You better watch out. Better not cry, sucker. Because this month we’re taking a look at seven examples of cinematic revenge — the bloodier, the better.
Part 6: The Great Silence
The Great Silence is a rather atypical film, both as a revenge film and a spaghetti western. The story concerns fictional Snow County where a blizzard has caused a food shortage, causing most of the local population to starve. As a result a great many folk have taken to stealing to survive, a greedy banker has labeled these people thieves and put bounties out for their arrest causing them to flee into the hills. A group of enterprising bounty killers have taken up residence in Snow County, hunting down the outlaws and killing them to trade in their bodies for bounties (which the banker is profiting off of, charging the US government an interest fee for money advanced to the bounty killers from his own bank.)
The worst of the bounty killers is Loco (Klaus Kinski), a despicable character who lies and manipulates to get outlaws to reveal themselves only to murder them in cold blood regardless of whether they come peacefully or not. As a way to stop Loco and his fellow bounty killers, the families of the outlaws enlist the aid of Silence (Jean-Louis Trintigant.)
Silence was only a boy when bounty killers murdered his mother and father; to keep him from talking about the incident they cut his throat which caused him to become a mute. Now he works as sort of a revenge-for-hire killer who only kills men in “self-defense”, which is to say that he provokes them to attack him so that he can legally cut them down with his Mauser C96 semi-automatic pistol.
Pauline (blacksploitation regular Vonetta McGee), the wife of one of Loco’s victims, hires Silence. Meanwhile Gideon Burnett (Frank Wolff) rides into town to be the new Sheriff and restore order to the region until the Governor can pardon the outlaws and abolish bounty killing. There’s an obvious trajectory to this but the movie veers off of it in the last third and that derailment of convention leads to an ending that may well be the most shocking of its type. The ending is amazing and I can’t even hint at its nature without risking the chance of giving something away.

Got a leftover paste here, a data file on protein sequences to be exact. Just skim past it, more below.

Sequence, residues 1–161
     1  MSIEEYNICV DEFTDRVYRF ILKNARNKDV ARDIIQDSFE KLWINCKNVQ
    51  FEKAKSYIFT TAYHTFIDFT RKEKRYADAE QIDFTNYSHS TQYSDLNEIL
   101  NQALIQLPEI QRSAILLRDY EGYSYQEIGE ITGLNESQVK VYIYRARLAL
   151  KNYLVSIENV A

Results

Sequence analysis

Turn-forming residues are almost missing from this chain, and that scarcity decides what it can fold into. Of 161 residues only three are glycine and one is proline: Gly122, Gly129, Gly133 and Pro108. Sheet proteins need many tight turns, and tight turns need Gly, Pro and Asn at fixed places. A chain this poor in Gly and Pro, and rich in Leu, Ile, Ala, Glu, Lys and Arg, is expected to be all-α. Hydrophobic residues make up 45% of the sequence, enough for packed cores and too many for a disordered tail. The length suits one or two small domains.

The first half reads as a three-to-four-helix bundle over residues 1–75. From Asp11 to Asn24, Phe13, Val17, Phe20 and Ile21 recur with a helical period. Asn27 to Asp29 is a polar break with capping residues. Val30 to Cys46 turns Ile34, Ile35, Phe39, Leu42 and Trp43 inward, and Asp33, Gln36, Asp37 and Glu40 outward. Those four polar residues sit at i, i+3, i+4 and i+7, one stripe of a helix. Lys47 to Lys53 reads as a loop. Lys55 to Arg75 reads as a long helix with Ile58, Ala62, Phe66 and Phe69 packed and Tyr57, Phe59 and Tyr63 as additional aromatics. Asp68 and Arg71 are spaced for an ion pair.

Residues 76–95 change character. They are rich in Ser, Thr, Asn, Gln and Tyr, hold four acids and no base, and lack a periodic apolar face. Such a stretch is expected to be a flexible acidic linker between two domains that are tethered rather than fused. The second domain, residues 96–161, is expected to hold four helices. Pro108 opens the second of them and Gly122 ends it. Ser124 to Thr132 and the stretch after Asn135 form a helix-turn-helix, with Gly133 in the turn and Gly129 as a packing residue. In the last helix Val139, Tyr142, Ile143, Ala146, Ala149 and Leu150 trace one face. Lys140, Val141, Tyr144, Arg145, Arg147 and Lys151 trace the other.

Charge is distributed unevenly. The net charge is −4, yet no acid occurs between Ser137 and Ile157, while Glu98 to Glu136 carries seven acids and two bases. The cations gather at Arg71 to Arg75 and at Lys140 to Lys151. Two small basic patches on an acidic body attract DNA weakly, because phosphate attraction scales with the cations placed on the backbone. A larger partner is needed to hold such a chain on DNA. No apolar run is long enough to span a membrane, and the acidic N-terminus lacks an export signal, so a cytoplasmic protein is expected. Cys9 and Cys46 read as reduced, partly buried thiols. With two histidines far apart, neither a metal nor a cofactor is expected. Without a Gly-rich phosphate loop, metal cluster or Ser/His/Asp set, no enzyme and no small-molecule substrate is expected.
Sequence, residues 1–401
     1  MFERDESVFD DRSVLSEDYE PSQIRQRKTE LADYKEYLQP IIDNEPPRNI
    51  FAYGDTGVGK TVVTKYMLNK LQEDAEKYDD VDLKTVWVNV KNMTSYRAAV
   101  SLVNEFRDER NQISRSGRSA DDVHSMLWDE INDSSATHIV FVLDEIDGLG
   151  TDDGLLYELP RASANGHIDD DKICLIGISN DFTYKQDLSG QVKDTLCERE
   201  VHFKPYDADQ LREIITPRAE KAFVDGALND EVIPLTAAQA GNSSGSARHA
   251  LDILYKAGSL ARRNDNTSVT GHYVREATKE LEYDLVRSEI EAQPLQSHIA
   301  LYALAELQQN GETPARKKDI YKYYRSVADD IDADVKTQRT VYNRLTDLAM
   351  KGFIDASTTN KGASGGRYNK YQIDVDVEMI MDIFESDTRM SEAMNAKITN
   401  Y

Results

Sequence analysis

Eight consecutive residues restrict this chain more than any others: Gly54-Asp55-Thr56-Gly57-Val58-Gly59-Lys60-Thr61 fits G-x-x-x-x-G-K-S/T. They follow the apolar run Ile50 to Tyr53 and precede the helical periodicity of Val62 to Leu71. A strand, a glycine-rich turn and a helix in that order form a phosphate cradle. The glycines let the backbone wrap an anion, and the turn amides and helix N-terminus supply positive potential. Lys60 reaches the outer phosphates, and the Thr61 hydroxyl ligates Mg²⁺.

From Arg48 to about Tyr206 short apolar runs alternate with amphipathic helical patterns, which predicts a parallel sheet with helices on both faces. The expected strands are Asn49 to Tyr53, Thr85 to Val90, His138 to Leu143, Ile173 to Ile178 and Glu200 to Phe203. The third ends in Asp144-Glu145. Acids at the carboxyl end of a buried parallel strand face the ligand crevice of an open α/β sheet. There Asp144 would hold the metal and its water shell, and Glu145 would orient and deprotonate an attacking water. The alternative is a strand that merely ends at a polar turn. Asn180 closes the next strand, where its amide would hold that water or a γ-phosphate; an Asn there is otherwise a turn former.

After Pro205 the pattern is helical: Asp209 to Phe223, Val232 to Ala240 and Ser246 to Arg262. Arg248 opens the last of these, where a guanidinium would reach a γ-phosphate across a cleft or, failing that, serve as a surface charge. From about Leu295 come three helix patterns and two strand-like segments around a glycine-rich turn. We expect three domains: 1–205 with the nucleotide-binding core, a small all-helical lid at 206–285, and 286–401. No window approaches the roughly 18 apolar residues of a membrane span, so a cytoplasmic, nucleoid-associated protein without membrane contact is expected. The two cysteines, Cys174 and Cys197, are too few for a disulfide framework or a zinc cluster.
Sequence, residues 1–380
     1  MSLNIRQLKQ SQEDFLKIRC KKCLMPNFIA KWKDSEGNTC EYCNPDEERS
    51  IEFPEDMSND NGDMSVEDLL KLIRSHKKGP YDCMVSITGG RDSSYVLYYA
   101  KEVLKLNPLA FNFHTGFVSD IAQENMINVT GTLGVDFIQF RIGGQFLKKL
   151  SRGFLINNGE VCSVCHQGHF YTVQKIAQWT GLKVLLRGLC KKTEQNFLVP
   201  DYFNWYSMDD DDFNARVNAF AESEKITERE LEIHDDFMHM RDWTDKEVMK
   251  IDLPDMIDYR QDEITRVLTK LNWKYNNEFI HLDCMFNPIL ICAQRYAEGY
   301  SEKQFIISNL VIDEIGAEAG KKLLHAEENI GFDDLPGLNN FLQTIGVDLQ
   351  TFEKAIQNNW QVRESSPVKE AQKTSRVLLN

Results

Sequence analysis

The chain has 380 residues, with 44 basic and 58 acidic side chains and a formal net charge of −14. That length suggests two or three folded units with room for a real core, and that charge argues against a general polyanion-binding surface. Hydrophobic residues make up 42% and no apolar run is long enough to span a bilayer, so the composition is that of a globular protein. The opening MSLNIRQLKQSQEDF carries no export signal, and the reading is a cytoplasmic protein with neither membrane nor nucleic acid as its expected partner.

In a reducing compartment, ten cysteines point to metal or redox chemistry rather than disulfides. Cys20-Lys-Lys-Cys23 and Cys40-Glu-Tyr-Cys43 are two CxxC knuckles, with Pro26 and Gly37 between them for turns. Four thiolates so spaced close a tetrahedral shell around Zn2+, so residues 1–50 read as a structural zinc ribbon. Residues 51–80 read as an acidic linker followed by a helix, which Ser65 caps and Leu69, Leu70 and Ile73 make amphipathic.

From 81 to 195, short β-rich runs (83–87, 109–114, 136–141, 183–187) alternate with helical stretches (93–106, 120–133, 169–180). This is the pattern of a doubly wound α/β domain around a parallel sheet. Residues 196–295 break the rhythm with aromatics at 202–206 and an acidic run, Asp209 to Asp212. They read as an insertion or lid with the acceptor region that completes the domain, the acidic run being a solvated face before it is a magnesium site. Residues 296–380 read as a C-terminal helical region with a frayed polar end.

It really is interesting to look at the plot and the way that the heroes are all law breakers and the villains are bounty killers. It brings to mind Django Unchained and the cavalier way in which Django and Dr. Schultz went about their murderous job, killing with reckless abandon and trusting the wanted posters as gospel truths. In that movie it excused our heroes’ misdeeds by making seemingly every other person in the world look like a sneering racist, but here it paints a much darker picture of bounty hunters. Perhaps The Hateful Eight, which Tarantino has said was inspired somewhat by this film, will tackle the other side of the story.
While I love many aspects of this movie, it falls into the pitfalls of a Sergio Corbucci movie. First of all, there’s not much for character: of course Loco is a captivating character and Sheriff Burnett as well, but all the others fall flat. It would be tempting to blame Silence’s titular characteristic for the weakness of his character but he’s really just underdeveloped, which makes his relationship with Pauline (developed but not particularly compelling) not really work. The other big problem with a Corbucci film is that though they have many great scenes and memorable set-pieces, the areas between those remarkable moments are often large wastelands of plodding narrative that seem to be killing time.
I also must register frustration with a certain point in the movie where a character is unable to shoot a gun because it is frozen, seemingly foreshadowing a moment later in the film. Sure enough, later in the movie a character digs a rifle out of the snow after it has been sitting for who knows how long, and it miraculously fires without incident.
I’m still on the fence about whether I think this movie is worth a second view or not. The Great Silence seems more interesting than good or entertaining. While I didn’t hate it, I found I didn’t love it either.
Out of a Possible 5 Stars
Previous Installments of You Better Watch Out!
Part 5: Rolling Thunder — Drew Dietsch
Part 4: Silent Night, Deadly Night Part 2 — Andrew Hawkins
Part 3: The Bride Wore Black — Drew Dietsch
Part 2: Orca — Shannon Hubbell
Part 1: Lady Snowblood — Travis Newton